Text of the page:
Description from bookdepository.co.uk:
Six days ago, astronaut Mark Watney became one of the first people to walk on Mars. Now, he's sure he'll be the first person to die there. After a dust storm nearly kills him and forces his crew to evacuate while thinking him dead, Mark finds himself stranded and completely alone with no way to even signal Earth that he’s alive and even if he could get word out, his supplies would be gone long before a rescue could arrive. Chances are, though, he won't have time to starve to death. The damaged machinery, unforgiving environment, or plain-old "human error" are much more likely to kill him first. But Mark isn't ready to give up yet. Drawing on his ingenuity, his engineering skills and a relentless, dogged refusal to quit he steadfastly confronts one seemingly insurmountable obstacle after the next. Will his resourcefulness be enough to overcome the impossible odds against him?
On New Years’ Day 2016, I flew from New York to San Francisco for the last leg of my most recent trip to the US (less than a 100 days to the next one). On the inflight entertainment was a movie I had wanted to see at the cinemas but had never got to – ‘The Martian’. I was travelling with my Mum, Dad and sister and we all got off the plane and went ‘Oh my God, how good was that movie?’. So needless to say, I went home and immediately ordered the book. I find film adaptations are either nowhere near as good as the book, or great but not necessarily true to the book. This book managed to be the rare combination of both a great film and try to the book. The film follows the story quite closely except for where it would have unnecessarily extended the film. Both versions capture the really beautiful humanity of the story – the idea that, if necessary, humanity, all of humanity irrespective of nationality etc, would work together to save one man because it was the right thing to do. Weir keeps the science mostly understandable, and he never makes Watney’s sarcasm and almost infallible optimism feel fake or forced. The story is an intriguing one, and the supporting cast are very real, their dialogue, interactions and personalities. Weir is one of the few writers who in reading I could hear similarities to my own style and I think that endeared me to the story even more. Overall, a great read, a great story, and I look forward to Weir’s future material.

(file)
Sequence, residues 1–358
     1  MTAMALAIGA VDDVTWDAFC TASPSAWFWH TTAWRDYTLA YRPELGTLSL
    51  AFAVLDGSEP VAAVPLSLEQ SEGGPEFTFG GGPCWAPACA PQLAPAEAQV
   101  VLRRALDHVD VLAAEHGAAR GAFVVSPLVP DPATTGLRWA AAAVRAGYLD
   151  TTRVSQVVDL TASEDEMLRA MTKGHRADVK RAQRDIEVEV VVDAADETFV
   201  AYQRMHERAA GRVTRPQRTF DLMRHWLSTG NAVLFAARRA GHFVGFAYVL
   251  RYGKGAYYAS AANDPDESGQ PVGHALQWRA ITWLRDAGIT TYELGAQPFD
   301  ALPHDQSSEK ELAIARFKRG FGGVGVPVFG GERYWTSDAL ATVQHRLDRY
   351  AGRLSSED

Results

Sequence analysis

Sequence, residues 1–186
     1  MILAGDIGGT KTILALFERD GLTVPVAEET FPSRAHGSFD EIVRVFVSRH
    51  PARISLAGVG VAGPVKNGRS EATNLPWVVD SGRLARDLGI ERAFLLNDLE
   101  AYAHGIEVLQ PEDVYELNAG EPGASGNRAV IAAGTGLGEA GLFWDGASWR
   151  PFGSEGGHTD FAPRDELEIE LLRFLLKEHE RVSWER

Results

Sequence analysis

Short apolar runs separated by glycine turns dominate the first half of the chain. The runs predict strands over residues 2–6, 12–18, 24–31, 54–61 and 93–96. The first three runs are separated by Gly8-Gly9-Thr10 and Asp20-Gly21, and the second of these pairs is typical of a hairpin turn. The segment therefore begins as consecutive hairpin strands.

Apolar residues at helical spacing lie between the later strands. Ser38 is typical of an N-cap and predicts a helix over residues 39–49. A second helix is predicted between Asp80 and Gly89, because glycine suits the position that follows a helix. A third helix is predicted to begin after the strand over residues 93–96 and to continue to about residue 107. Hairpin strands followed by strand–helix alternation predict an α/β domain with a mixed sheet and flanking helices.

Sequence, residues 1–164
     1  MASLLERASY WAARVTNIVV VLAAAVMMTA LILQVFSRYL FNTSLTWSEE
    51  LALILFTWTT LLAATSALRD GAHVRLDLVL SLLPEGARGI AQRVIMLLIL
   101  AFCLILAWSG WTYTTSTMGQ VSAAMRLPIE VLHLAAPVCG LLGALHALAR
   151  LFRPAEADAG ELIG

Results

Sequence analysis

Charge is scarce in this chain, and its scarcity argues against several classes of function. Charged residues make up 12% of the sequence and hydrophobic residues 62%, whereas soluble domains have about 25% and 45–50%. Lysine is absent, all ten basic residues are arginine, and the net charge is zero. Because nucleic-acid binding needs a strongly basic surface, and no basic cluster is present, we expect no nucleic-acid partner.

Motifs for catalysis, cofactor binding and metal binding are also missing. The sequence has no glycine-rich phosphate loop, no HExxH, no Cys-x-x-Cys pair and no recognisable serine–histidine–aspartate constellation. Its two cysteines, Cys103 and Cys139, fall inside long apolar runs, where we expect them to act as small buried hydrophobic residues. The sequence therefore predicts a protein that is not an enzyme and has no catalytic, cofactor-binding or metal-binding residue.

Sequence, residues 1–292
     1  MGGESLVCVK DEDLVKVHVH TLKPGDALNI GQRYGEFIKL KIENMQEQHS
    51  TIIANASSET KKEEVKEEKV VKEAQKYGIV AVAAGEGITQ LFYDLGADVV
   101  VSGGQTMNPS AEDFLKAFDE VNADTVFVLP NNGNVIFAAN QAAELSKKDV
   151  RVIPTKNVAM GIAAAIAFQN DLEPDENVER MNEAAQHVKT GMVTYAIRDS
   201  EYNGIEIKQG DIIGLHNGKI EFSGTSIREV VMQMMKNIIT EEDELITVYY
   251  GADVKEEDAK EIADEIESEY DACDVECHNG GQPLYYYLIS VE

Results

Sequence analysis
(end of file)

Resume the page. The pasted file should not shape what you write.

9 / 50 books. 18% done!
2123 / 15000 pages. 14% done!
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